[Below is the original script. But a few changes may have been made during the recording of this audio podcast.]
One of the more well-marketed 'Web pronouncements" is the "the long tail," referring to a graph depicting consumer behavior online, with a high front hump, followed by a long, flatter tail. First coined in an article by Chris Anderson of WIRED magazine, it later became a book.
Anderson predicted that niche consumerism would prevail in an era of unlimited choice online, and the olden days of one or two major blockbusters were over.
But a recent paper in the Harvard Business Review claims the Web has made no difference: When it comes to consumption, we continue to exhibit herd mentality.
For instance, within Rhapsody, a music sharing site, the top 10 percent of tracks represented 78 percent of all plays. And for Quickflix movie rentals, the top 10 percent of all titles accounted for 48 percent of all rentals.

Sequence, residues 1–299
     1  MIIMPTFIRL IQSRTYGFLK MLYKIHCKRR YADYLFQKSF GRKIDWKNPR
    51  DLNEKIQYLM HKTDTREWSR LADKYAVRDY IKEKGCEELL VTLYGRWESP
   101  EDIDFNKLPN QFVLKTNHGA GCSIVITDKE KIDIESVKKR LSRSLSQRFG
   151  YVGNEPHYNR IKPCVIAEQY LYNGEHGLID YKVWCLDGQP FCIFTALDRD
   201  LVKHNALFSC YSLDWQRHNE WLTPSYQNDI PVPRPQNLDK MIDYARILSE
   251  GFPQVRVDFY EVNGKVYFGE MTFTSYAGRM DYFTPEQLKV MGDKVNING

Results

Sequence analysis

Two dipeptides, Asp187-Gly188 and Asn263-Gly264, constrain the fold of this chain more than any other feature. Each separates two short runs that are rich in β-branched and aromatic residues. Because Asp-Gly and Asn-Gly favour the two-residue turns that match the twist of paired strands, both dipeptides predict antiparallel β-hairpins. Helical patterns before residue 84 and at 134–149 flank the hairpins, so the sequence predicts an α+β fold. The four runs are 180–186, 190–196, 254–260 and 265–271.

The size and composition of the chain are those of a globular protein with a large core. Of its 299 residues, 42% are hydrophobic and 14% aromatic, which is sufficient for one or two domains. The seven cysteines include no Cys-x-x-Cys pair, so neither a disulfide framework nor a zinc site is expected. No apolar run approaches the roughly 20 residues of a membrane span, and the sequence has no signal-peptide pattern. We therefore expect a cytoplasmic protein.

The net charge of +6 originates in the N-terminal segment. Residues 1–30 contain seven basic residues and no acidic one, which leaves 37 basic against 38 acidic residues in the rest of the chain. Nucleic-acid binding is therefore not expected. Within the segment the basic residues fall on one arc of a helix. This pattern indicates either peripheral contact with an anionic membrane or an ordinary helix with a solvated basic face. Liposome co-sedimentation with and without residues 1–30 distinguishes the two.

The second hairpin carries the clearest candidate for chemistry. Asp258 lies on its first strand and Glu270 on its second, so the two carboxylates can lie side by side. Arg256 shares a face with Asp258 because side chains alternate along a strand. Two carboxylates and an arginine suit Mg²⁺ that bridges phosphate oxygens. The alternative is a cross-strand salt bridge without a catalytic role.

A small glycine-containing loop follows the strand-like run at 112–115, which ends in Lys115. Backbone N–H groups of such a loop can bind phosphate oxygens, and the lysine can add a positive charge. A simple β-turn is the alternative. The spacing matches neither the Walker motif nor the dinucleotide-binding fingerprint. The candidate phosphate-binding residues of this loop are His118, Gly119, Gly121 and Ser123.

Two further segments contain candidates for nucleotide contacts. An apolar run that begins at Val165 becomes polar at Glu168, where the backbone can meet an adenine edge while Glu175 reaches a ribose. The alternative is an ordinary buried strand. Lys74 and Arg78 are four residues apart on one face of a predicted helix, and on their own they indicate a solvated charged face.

Those who do search for obscure treasures were people who bought more overall—including the blockbusters.
The data states the obvious: More choice leads to more buying, but more options doesn't mean our desire for the coolest thing goes away.
In a lovely, ironic twist, the researcher points to a best-selling business book as an example of concentrated high sales of popular items, it is, of course, the book that inspired her in the first place: Anderson's The Long Tail.